What is knee replacement surgery, and how does it work?
Knee replacement involves removing parts of the bones that make up the knee joint and replacing them with artificial implants. It is primarily used to treat osteoarthritis-related knee pain and stiffness.
The majority of persons who have this surgery have advanced knee arthritis. The cartilage in the knee has worn away, and the surface has become pitted, degraded, and uneven. Pain, stiffness, instability, and a shift in body alignment are all symptoms of this condition. Some persons who have a weaker knee joint due to an injury or another ailment may benefit from knee replacement surgery.
What is the procedure for a total knee replacement?
The orthopaedic surgeon first cuts the knee and then shifts the patella (kneecap) to the side. Bone spurs (small bony growths) will be removed if they are present, common in osteoarthritis.
The anterior cruciate ligament (ACL) and, in certain situations, the posterior cruciate ligament (PCL) are then removed from the femur and tibia (PCL). The PCL is kept in some types of knee replacements.
The surgeon cuts and removes cartilage and some bone from the upper part of the tibia and lower parts of the femur during the major portion of the procedure. The femoral condyles are two knobby protuberances that are removed from the femur. Metal implants are then used to cap the tibia and femur, creating new surfaces for the joint. The femoral component's surface is shaped like the original femoral condyles. If the bottom of the kneecap has degenerated, the surface may be taken away and replaced with a polyethylene implant.
Finally, dissolvable sutures are used to restore the various layers of tissue, and the skin incision is closed with sutures or surgical staples. The patient will be brought to recovery with a bandage put over his knee.
Partial Knee Replacement
In uni-compartmental knee replacement/ or partial knee replacement or unicondylar knee replacement, only one part of the knee surfaces is replaced in comparison to the other procedure, total knee replacement, where both inner and outer part of the damaged bones are replaced with metal implants. The damaged bone and cartilages might need a replacement for most of the cases, but in certain cases where the disease is limited to just one area of the knee, the total replacement might not be required.
Also, because partial knee replacement is done using a short incision, patients tend to spend lesser time and tend to return to normal activities sooner than in total knee replacement. This, decision, however, is case specific. There is a range of treatments for knee osteoarthritis and you must consult doctor for advice regarding considering a complete or partial knee replacement surgery.
Total Knee Replacement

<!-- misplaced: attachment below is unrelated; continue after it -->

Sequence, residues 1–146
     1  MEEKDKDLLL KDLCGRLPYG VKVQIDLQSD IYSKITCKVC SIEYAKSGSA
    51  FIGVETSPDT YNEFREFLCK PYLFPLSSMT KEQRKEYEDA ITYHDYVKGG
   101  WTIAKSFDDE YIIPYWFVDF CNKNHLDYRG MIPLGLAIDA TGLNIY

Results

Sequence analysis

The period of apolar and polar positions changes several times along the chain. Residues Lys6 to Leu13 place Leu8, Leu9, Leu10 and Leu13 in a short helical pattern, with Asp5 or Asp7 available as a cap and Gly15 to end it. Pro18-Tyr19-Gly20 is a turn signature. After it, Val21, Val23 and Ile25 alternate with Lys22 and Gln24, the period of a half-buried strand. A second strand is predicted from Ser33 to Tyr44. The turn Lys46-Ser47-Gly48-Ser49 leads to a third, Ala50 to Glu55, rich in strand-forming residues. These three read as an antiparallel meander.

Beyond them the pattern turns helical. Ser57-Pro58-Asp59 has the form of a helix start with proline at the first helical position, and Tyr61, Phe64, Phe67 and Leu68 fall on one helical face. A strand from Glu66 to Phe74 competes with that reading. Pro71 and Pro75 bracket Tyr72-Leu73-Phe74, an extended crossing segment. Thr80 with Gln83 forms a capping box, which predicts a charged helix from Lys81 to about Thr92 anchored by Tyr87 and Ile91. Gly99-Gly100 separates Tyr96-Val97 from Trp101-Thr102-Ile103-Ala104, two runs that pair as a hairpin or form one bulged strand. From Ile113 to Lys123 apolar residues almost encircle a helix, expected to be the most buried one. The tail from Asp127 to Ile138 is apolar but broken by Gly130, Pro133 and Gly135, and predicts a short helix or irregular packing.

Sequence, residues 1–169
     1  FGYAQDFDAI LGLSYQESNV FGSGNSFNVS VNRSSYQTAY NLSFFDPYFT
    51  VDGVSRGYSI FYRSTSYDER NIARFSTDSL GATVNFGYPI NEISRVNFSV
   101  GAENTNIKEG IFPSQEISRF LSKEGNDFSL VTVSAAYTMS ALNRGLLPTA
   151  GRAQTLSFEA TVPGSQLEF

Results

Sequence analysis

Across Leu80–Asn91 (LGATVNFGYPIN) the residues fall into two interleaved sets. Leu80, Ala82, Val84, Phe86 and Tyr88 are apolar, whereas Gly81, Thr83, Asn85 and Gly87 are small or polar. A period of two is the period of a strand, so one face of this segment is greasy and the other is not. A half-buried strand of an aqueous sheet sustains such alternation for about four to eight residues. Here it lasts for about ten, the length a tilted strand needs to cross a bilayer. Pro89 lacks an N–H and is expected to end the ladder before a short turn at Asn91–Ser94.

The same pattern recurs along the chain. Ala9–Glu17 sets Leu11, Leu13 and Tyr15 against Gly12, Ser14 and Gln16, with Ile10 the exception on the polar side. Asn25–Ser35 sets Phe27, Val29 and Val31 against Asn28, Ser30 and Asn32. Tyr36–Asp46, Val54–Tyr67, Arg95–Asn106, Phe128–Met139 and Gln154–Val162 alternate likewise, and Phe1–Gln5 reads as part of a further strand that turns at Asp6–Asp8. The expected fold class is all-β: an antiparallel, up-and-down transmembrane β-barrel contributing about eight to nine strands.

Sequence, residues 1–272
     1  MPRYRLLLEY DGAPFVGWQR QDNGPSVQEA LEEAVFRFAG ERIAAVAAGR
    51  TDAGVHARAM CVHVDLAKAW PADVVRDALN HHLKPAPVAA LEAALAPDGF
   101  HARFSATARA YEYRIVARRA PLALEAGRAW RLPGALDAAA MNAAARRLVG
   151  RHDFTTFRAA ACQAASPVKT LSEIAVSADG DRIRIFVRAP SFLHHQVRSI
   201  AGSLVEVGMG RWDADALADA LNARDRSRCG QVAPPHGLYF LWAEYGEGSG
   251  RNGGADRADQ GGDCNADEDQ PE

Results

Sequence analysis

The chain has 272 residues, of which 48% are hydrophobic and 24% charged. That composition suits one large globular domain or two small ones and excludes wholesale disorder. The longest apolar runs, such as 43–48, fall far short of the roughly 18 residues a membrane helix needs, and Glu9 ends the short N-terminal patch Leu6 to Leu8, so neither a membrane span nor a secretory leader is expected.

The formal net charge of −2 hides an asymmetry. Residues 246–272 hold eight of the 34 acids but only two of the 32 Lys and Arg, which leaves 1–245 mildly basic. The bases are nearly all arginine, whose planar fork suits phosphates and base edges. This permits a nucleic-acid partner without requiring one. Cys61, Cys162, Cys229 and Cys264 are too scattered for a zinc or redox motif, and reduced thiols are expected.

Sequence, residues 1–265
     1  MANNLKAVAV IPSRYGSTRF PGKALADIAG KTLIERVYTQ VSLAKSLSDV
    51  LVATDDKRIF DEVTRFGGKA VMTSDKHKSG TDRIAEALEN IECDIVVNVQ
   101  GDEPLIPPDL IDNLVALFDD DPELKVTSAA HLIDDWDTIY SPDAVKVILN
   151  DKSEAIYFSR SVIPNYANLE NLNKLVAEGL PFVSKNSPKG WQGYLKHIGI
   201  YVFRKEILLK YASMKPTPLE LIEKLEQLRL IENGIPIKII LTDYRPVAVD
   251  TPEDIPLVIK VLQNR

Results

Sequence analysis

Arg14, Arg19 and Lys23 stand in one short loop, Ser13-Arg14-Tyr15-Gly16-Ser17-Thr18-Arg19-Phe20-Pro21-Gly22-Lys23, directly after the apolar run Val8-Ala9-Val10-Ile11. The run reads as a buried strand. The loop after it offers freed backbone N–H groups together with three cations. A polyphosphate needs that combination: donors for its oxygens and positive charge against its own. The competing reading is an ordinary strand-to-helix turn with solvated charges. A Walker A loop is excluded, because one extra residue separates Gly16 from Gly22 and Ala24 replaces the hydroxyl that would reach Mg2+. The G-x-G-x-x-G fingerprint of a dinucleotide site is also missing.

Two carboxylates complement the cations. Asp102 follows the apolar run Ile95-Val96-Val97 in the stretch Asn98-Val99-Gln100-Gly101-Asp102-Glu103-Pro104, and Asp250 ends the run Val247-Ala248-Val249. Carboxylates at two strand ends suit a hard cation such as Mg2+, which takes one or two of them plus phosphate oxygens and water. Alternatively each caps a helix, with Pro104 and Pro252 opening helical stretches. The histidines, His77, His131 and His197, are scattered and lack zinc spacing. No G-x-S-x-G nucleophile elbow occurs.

A total knee replacement surgery is also known as knee Arthroplasty or even knee resurfacing because only the surface of the knee is replaced. The damaged region of the upper and lower bone is removed slightly. The removed cartilage and bones are replaced with metal implants that mimic the surface of the joints. The patella might also be resurfaced depending on the surgical necessity. Finally, a medical grade plastic spacer for smooth gliding is inserted between the metal components. This completes the process.
Post-operatively we make the pt stand and walk within 24 hours of surgery with a help of a walker. Post-operatively 5 days are dedicated for physio, so that by the time you are discharge you should be able to go to washroom and sit on a commode with the help of a walker independently, able to stair climb, and take care of most of your daily routine activities.
What are the components of knee replacement implants?
Each patient's choice of design and materials for a knee replacement prosthesis is unique. Metal is used to make the major implant components, which are commonly titanium or chrome-cobalt alloys. The implants are either cemented or osseointegrated, which involves a porous metal stem extending into the tibia and the patient's natural bone growing into it. Between the tibial and femoral implant surfaces, a plastic platform or spacer will be introduced. Polyethylene is used to make the spacer.
Metal alloys (cobalt-chromium) or metal-ceramic alloys make up most femoral components (oxidized zirconium). Plastic makes up the patellar component (polyethylene). The tibial implant is similarly made of plastic (polyethylene). The following materials can be used to make the tibial tray component:
- Cobalt-chromium (metal alloy) (metal alloy)
- Polyethylene terephthalate (plastic)
After a knee replacement, how long does it take to walk?
Within two or three days of surgery, most patients use a straight cane, walker, or crutches. The distance and frequency of walking will increase as the days continue.
Patients can normally drive a car three to six weeks after surgery and return to all other normal activities by or before that time. It could take up to four months to fully recover and regain full strength and mobility. However, in many situations, patients are much more mobile one month after surgery than they were before their knee replacement.
Dr. Manu Bora – Leading Orthopaedic in Mumbai
As per Dr. Manu Bora, 8/10 knee related injuries can be cured without any surgery. He has helped plethora of his patients and some very leading sportspeople to bounce back after just a few days post the knee replacement surgery.